Red and white blood cells in the vein. Leukocyte normal level

As with most things, for vascular IR coding it’s important to diligently maintain foundational knowledge while continuing to build – because, if there’s one thing we can be sure of with IR coding it’s that, at some point, it’s going to change. A stable foundation allows us to absorb those changes with a little more ease and confidence.

The start of a new year is the best time to re-set and refresh foundational knowledge with a review of vascular IR coding fundamentals. Over the years, the trend with codes has been a move back to “bundled codes” – meaning a single code to describe the entire procedure. While most interventional, and many diagnostic, services are now defined by bundled codes, there are still services that are reported with component coding.

Component Coding Rules

You must know where you started and where you ended up to correctly code for selective catheter placements.

Documentation must be clear on these points to ensure correct code assignment. For example, a statement such as “via the right groin approach” clearly defines the vascular access point.

When allowed, code each vascular family separately.

A vascular family is defined as a vessel that branches off the aorta or vena cava along with all secondary (and additional) vessels that branch from that vessel. So, this means that if the catheter is placed in the right and left subclavian arteries for imaging of the upper extremities, each would be separately coded. Assuming normal vascular anatomy, see code 36215 for the left subclavian and 36216 for the right subclavian.

When allowed, code to the highest degree of selectivity within a vascular family.

Review the RVUs for each of the codes. The lesser orders of selectivity are valued lower than the higher orders of selectivity. Simply stated, you cannot code for what you “pass through” to get to the more distal portion of the vessel.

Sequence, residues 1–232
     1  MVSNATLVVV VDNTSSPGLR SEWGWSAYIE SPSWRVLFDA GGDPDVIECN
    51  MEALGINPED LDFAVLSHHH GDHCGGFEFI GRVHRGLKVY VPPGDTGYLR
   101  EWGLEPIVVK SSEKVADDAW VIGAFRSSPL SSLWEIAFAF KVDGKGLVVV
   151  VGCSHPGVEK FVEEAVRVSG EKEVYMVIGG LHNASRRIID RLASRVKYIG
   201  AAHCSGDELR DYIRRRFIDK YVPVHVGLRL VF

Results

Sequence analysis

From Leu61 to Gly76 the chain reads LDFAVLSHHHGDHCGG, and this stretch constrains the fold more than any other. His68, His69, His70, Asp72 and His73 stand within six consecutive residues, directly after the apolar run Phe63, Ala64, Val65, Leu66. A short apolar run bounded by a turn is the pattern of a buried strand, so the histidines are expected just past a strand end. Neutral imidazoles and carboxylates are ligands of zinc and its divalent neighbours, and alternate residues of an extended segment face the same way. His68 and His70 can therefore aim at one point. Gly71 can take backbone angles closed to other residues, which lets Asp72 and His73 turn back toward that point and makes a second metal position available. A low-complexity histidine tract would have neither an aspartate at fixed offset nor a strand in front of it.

When allowed, selective codes take precedence over non-selective codes if done from the same puncture site.

Again, a review of RVUs will show that non-selective codes (arterial: 36100, 36140, 36160 and 36200) carry lower values than selective options either above (36215–36218) or below the diaphragm (36245–36248). Similarly, venous non-selective options (36000, 36005 and 36010) carry lower RVUs than selective venous choices (36011 and 36012). Bundled or collapsed CPT options for dialysis fistula/graft imaging (36901–36909), arch, carotid and vertebral angiography (36221–36228) and unilateral and bilateral selective renal angiography (36251– 36254) are exceptions as these codes include valuation for both the S&I and surgical component of procedures.

When allowed, code each catheter placement from each separate puncture site individually (i.e., multiple punctures for placement of aortic endograft).

When more than one access site is used to gain entry into the vascular system, regardless of whether the catheter/device ends up in the same location, when allowed, each may be separately coded. To illustrate, if lower extremity venography is performed via separate needle placements in the right and left foot, each placement and injection should be separately coded. A single S&I code would be used to define imaging.